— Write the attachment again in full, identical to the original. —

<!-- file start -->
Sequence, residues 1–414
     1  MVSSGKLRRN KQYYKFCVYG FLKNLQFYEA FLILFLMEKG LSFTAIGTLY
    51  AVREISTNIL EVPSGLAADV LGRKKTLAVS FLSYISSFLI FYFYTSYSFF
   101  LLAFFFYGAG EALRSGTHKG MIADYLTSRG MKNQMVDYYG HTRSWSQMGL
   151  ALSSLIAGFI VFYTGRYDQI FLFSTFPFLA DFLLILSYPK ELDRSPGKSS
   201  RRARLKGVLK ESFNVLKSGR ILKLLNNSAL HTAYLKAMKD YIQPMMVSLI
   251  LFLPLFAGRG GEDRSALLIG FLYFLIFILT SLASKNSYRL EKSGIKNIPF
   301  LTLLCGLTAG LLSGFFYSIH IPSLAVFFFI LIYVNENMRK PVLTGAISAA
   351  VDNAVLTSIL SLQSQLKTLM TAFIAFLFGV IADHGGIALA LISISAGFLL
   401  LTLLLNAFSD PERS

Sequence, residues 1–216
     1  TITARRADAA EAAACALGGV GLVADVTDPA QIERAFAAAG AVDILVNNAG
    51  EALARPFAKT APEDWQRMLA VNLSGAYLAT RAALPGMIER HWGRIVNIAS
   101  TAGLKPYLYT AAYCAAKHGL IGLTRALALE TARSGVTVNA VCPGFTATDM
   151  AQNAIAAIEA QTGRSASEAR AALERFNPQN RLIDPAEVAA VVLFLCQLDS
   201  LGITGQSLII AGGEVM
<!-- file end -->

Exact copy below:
Sequence, residues 1–414
     1  MVSSGKLRRN KQYYKFCVYG FLKNLQFYEA FLILFLMEKG LSFTAIGTLY
    51  AVREISTNIL EVPSGLAADV LGRKKTLAVS FLSYISSFLI FYFYTSYSFF
   101  LLAFFFYGAG EALRSGTHKG MIADYLTSRG MKNQMVDYYG HTRSWSQMGL
   151  ALSSLIAGFI VFYTGRYDQI FLFSTFPFLA DFLLILSYPK ELDRSPGKSS
   201  RRARLKGVLK ESFNVLKSGR ILKLLNNSAL HTAYLKAMKD YIQPMMVSLI
   251  LFLPLFAGRG GEDRSALLIG FLYFLIFILT SLASKNSYRL EKSGIKNIPF
   301  LTLLCGLTAG LLSGFFYSIH IPSLAVFFFI LIYVNENMRK PVLTGAISAA
   351  VDNAVLTSIL SLQSQLKTLM TAFIAFLFGV IADHGGIALA LISISAGFLL
   401  LTLLLNAFSD PERS

Sequence, residues 1–216
     1  TITARRADAA EAAACALGGV GLVADVTDPA QIERAFAAAG AVDILVNNAG
    51  EALARPFAKT APEDWQRMLA VNLSGAYLAT RAALPGMIER HWGRIVNIAS
   101  TAGLKPYLYT AAYCAAKHGL IGLTRALALE TARSGVTVNA VCPGFTATDM
   151  AQNAIAAIEA QTGRSASEAR AALERFNPQN RLIDPAEVAA VVLFLCQLDS
   201  LGITGQSLII AGGEVM